Tag Archives: eating abroad

E is for Eating Cold War Style Behind the Iron Curtain #AtoZ Challenge

Coming at you all April long, my A to Z Blog Challenge theme is “Historical Treasure”

Image from The Winnipeg Jewish Review

Borscht Image from The Winnipeg Jewish Review

Who doesn’t like the occasional food blog? Living overseas, I’ve gotten to indulge in so many good eats that I ran a foodie series in February. Irene was the inspiration for one of those posts. We got to talking once, and I have no idea how it came up, but she told me her doctor said she had the bone density of a woman half her age. What was her secret? Nettles. She practically had to live on them for a while.

Remember in Forest Gump when they start talking about the many dishes you can make with shrimp? Well, nettles aren’t exactly the same, but when she talks of them it reminds me of that movie. There is nettle tea, nettle soup, nettle mash and so on. If you could make it with nettles, Irene and her mother did. If you’re interested, check out that food post here.

When opportunities came in post-war Germany to eat other foods, you can bet Irene hopped to. These everyday details of life behind the Iron Curtain populate her writing. How many times did her family members risk their lives for the simple things–like a big of bread? Irene’s story isn’t her own, it is the story of so many others. Here’s a slice of it from the summer of 1945, shortly after the war ended and Irene’s family discovered they would be in the Russian sector. [Edited for length]

Since we were so hungry, we said among ourselves, “Russia is closer. They can bring in supplies much faster than the Americans. The Russian zone will do all right.” We had been told for years that Russian farmers had fertile land and worked as hard as the German farmers….No one told us then that the Russians were starving. They were not able to feed themselves. They did not send us food, rather they took what little we had.

Stalin with Soviet Flag

Stalin with Soviet Flag

When Stalin heard that so many people in Germany wanted democracy instead of communism he said, “What, they don’t want to be communists?” He laughed, “We’ll starve them and they will come crawling to us!”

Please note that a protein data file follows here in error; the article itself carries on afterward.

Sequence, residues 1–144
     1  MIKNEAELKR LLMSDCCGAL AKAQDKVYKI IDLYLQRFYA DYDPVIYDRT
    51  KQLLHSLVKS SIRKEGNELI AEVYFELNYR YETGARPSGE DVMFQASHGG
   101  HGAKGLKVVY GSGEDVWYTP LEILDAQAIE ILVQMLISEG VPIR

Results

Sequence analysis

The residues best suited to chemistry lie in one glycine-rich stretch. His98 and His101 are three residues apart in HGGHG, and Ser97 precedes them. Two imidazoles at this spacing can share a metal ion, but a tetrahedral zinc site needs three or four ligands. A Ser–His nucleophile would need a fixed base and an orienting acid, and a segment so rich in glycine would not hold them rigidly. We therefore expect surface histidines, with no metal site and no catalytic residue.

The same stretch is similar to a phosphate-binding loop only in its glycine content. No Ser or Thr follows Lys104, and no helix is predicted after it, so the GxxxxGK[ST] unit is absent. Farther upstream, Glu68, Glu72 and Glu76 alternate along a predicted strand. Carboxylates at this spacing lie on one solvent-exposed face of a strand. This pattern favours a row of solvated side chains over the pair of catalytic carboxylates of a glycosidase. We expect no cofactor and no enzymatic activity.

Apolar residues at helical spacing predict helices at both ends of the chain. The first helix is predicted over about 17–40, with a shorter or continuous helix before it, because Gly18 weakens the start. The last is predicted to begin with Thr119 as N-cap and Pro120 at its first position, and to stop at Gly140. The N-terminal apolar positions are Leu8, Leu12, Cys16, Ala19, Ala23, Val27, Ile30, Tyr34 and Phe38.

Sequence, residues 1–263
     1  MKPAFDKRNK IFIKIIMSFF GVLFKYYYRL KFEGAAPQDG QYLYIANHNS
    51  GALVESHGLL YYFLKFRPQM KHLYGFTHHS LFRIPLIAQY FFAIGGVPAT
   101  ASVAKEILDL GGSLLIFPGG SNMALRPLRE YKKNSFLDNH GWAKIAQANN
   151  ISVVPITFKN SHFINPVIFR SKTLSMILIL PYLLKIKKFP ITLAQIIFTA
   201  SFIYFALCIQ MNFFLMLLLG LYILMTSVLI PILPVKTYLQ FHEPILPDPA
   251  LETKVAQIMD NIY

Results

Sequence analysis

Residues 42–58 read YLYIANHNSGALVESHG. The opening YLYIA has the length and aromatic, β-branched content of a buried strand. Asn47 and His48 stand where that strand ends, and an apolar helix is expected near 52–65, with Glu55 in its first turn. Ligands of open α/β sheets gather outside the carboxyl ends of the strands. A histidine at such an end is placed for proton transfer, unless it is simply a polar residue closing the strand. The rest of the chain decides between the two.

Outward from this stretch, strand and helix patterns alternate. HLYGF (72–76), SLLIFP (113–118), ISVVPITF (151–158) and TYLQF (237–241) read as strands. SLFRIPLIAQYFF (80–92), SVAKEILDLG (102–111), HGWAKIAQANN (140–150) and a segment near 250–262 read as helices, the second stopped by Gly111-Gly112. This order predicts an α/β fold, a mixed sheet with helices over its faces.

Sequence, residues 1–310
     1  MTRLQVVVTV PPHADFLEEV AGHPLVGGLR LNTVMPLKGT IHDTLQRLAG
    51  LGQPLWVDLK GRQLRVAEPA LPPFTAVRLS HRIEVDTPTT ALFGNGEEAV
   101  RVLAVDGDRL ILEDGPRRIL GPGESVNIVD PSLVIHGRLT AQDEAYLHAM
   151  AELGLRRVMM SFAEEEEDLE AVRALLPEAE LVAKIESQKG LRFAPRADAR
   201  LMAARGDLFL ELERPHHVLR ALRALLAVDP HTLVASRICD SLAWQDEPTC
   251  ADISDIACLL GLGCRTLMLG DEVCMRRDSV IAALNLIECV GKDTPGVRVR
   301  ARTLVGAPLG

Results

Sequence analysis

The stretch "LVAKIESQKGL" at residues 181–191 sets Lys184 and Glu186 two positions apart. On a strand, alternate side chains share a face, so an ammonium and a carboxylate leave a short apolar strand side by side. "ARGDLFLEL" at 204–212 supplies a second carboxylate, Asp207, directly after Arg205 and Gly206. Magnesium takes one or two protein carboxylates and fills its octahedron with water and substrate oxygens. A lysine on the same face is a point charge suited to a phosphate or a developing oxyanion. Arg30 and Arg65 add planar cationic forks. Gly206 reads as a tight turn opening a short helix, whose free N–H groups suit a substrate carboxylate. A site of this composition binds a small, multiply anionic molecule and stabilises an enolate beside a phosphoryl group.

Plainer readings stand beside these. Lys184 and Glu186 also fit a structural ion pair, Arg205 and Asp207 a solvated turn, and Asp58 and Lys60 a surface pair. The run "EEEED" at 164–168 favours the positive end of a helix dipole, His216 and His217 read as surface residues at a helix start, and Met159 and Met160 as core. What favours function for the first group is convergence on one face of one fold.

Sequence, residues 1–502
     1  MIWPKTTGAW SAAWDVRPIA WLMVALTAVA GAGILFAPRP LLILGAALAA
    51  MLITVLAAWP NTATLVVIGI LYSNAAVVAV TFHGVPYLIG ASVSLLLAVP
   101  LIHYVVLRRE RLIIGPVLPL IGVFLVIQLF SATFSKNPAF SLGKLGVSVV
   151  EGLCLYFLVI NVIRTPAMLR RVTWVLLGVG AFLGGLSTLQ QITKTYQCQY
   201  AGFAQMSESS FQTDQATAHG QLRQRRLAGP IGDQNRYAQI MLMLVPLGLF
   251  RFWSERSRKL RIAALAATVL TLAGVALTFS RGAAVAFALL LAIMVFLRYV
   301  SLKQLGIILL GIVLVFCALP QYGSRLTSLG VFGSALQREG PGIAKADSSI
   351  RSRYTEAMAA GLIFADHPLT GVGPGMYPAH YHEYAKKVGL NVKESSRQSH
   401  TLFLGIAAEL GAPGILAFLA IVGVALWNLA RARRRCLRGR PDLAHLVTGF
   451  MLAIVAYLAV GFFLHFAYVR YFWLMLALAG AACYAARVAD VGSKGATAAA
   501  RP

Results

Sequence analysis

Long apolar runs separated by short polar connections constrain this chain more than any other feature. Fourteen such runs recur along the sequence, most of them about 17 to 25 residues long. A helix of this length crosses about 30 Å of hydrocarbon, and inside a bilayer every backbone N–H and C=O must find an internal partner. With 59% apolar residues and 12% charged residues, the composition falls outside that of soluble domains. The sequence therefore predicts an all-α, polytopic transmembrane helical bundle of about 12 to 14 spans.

….There were some who had food enough, mainly the farmers and the Russians who came to govern us. The Russians assigned to our village stayed in a villa up in the woods. A large red star on their roof was lit by spotlights during the night. They had their own parties, drinking vodka in large amounts, and playing their music as loud as possible.

….One night, after curfew, Nadja and I slipped through the darkness up to the Russian villa. We were very hungry and thought this might be a place to get some food. We stayed int he shadows of a picket fence and some bushes where the searchlights would not fall on us. Our hunger was greater than our fear of what the consequences would be if we were caught.

Several soldiers were cooking in a large pot out in the open. We could smell the meat. “Borscht” Nadja whispered. When they dumped a lot of vegetables into the pot my stomach cramped with hunger.

….[Later] We heard the men fighting over one of the [abducted] women. It must have been another hour before we were sure the men were sound asleep.

“Now!” Nadja whispered as she climbed out of the bushes and over the fence into the garden. I followed. Slowly, quietly, we crept toward the house. The kettle outside still had some warm borscht in it.

We poured it into a pitcher we had brought, then crept into their kitchen. We took some pieces of commisbread. I saw a box I could carry and took it, not daring to risk the noise of opening it.

A man cursed and we knew a soldier was awake. We held our breath in fear…

[Excerpt from…My Years Hidden As a Boy by Irene Kucholick]

Perfect to end there since tomorrow is F is for Fear.

Till then…a shout out to some very diverse AtoZers:

Regina Martins integrates juxtaposed images under one letter theme.

Get in early on a co-written space opera AtoZ.

Fun to see JazzFeather’s D is for Dixieland because there is a Louis Armstrong tie in to Irene’s life later. (Video will be forthcoming.)


Kristin King is an NGO co-founder, author, publisher, mom, dog lover, reader, as well as a born and bred Kentuckian. She has a small bag of dried nettles in her tea tin, because Irene hand-picked that gift for her. Unfortunately, nettles is not her favorite flavor.